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Wifi Convergence

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#1 OFFLINE   raymac46


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Posted 27 February 2018 - 10:43 PM

Remember 10 years ago when if you wanted to do wifi in Linux you had just about one option - an Atheros chipset. And if you had Broadcom in your laptop you were in for a world of hurt.
Well, Qualcomm bought Atheros and now Broadcom is in a hostile takeover effort of Qualcomm - only offering $117 billion US. So Linux's worst nightmare will (maybe) own Linux's best hope for wifi.
Of course, the takeover has a lot more to do with smartphone chipsets than it does with Linux wifi and Broadcom has really stepped up its Linux game in the past few years. But oh the irony of it all... :oops:
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#2 OFFLINE   sunrat


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Posted 28 February 2018 - 06:18 PM

Ironic for sure.
Linux has come a long way with chip support and it's usually possible to get most working. Maybe more tricky if they are recently released.
Why does wifi need so many different chipsets? Realtek seem to have dozens of different ones that all do basically the same thing, in fact I think most chip makers do. I have a Realtek one that's several years old in TP-Link WN-822N V4 that still needs a driver built from Github. :(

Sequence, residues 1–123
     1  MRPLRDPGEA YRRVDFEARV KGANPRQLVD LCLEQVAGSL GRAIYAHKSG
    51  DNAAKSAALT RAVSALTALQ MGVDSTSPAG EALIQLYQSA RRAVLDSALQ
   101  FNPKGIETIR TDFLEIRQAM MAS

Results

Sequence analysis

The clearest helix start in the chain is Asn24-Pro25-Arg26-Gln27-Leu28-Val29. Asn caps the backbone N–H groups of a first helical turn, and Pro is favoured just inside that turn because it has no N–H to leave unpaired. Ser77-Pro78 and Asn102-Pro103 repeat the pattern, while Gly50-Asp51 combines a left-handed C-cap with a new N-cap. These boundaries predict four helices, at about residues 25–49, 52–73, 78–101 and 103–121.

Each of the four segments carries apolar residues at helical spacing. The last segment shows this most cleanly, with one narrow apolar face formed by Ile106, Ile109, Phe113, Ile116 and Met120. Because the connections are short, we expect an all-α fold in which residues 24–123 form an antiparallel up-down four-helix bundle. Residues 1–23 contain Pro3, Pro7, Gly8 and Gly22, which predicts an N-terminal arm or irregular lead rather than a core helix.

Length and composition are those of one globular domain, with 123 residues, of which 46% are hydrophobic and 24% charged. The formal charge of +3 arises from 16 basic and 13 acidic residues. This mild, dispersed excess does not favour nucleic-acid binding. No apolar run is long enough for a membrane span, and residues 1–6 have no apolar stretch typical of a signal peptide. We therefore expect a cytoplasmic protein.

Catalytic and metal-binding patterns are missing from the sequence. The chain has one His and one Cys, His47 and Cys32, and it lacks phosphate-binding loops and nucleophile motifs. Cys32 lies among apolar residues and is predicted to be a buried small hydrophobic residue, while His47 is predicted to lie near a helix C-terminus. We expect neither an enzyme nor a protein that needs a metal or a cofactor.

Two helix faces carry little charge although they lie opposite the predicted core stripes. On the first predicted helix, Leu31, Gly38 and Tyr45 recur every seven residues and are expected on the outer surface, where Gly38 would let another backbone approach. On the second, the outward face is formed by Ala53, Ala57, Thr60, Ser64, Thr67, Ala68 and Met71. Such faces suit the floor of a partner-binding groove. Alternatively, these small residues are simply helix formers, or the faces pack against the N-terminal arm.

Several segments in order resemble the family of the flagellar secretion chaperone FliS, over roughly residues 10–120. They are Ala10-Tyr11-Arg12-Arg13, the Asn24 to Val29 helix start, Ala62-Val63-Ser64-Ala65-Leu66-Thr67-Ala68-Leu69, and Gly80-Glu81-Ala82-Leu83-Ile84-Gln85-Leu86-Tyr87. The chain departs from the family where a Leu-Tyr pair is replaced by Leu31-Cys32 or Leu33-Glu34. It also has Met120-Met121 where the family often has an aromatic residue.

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#3 OFFLINE   raymac46


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Posted 01 March 2018 - 03:39 PM

I suppose each maker needs a specific chipset for B, N, AC adapters, PCI, PCIe USB connections, various antenna and size configurations, multi bands and so on.
I agree that a lot more are supporting Linux. I suppose that was inevitable given the number of laptops we have now.
There has been a disturbing number that requires non-free firmware though. Not a good thing if you want to use Debian. Intel and even Atheros are tending this way.

Edited by raymac46, 01 March 2018 - 03:39 PM.

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